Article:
Swimmer abandons swim from Cuba to U.S.
July 10, 2012 -- Updated 1536 GMT (2336 HKT)
- NEW: Penny Palfrey sets a personal best, beating her 67-mile record
- A strong current made it "impossible" for her to continue, her team says
- She was aiming to be the first person to swim the route unaided
(CNN) -- A 49-year-old grandmother who wanted to become the first person to swim 103 miles from Cuba to the Florida Keys unassisted ended her bid early Sunday morning when a strong current in the shark-infested waters made it "impossible" for her to continue, her team said.
Penny Palfrey, an Australian-British endurance swimmer, braved jellyfish stings and the scorching sun but kept swimming since taking to the water Friday morning.
Had she been able to keep up her pace, she would have come ashore on the Florida Keys on Sunday afternoon.
But at 2 a.m. Sunday, her team said in a Facebook post that the attempt was halted.
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"Penny Palfrey had to be pulled out of the water, after swimming for more than 40 hours, at approximately midnight tonight due to a strong southeast current that made it impossible for her to continue her swim," the post said. "Penny is presently on her escort boat being taken care of by her crew."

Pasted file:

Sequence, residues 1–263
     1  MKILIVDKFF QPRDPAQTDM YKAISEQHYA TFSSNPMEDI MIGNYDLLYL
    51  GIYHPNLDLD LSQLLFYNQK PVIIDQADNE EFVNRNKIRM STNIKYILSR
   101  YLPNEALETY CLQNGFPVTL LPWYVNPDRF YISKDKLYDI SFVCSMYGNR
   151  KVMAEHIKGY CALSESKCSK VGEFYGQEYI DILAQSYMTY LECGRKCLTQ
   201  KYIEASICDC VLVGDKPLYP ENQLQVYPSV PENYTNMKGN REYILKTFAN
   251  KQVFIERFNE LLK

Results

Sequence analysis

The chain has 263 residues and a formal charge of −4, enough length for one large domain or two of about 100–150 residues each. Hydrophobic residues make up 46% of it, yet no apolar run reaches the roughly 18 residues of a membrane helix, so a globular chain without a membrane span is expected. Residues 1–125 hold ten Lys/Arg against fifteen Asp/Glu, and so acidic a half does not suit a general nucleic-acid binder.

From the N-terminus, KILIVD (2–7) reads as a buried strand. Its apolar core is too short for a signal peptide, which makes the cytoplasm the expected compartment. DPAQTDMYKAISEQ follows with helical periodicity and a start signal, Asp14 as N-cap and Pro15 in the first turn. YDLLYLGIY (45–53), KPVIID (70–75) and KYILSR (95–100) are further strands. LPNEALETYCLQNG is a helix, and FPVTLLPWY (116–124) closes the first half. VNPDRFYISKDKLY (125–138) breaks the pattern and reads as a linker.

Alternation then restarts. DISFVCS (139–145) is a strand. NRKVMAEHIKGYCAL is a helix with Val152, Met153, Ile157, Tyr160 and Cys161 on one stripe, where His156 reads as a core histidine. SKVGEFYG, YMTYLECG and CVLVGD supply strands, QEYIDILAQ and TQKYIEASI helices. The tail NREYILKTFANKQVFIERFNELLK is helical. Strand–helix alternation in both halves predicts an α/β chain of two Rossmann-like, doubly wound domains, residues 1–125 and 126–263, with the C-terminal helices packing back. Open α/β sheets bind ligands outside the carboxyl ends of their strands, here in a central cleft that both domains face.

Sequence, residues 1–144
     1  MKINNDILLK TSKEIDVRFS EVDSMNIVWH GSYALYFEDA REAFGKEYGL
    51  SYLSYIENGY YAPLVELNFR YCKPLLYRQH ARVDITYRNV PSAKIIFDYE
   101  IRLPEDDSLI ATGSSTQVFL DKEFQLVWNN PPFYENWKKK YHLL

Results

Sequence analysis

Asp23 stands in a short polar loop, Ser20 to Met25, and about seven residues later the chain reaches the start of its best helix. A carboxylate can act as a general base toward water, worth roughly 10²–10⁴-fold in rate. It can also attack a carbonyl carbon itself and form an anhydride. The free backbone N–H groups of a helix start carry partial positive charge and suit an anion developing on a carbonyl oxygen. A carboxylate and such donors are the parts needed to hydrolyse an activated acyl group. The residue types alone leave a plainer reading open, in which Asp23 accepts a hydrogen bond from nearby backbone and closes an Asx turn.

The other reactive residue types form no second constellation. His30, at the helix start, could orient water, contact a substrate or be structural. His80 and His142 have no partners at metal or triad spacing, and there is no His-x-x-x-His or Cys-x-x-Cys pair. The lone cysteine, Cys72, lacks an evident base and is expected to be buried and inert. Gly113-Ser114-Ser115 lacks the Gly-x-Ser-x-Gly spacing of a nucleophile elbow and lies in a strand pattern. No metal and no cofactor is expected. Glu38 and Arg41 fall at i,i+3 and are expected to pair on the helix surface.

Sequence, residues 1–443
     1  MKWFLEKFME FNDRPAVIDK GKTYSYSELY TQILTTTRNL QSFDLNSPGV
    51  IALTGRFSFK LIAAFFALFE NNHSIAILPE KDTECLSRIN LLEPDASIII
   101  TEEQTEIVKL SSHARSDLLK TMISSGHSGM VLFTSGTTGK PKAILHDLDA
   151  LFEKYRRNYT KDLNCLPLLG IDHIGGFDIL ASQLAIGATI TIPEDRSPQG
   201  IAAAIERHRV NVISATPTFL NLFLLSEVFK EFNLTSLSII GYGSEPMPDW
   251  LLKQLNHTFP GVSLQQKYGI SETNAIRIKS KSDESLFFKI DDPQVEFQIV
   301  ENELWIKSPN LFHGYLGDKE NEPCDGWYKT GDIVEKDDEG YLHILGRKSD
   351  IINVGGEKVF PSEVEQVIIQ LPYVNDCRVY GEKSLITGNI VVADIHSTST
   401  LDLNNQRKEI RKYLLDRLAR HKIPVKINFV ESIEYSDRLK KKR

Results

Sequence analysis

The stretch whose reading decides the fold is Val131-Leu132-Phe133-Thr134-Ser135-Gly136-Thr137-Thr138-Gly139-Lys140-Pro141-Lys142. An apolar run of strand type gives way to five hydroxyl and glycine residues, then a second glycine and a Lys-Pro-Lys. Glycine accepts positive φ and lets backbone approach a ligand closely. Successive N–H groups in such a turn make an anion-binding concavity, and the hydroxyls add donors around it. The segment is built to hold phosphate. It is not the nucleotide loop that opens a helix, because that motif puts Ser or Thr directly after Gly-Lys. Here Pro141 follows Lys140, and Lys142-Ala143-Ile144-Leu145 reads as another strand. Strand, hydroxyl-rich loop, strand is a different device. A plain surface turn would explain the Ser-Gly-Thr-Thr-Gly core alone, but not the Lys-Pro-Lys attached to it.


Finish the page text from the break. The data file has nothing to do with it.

The note didn't say how far she had ultimately swum.
A post Saturday night, while Palfrey was still in the water, said she had gone more than 86 miles.
By doing so, she did score a personal best: she broke her record of 67 miles set in 2011 while swimming from Little Cayman island to Grand Cayman island.
Palfrey had wanted to become the first person to swim across the Florida straits without any assistance -- no shark cage, flippers, wet suit or snorkel.
Susie Malroney, a 22-year-old swimmer, completed the Cuba-to-the-Keys feat in 1997, but she used a shark cage.
Palfrey stayed nourished and hydrated by consuming a carbohydrate-rich drink every 30 minutes.
Her crew also employed "shark shields," cables that hang from the boats and kayaks around Palfrey and emit a pulse designed to keep the predators at bay.
"We attach (the shields) to the kayaker and to the boat which emit an electric field through the water," Palfrey told reporters in Havana on Thursday. "When a shark comes within five meters it picks up the sensors on the snout. It doesn't harm them, but they don't like it and swim away."
According to the Facebook posting on Saturday, the devices may have come in handy after Palfrey spotted hammerhead sharks swimming beneath her.
The sharks, though, "quickly vanished," according to the posting.
Last year, swimmer Diana Nyad twice tried to make the swim, also unassisted, but was turned back by health problems and stinging jellyfish.
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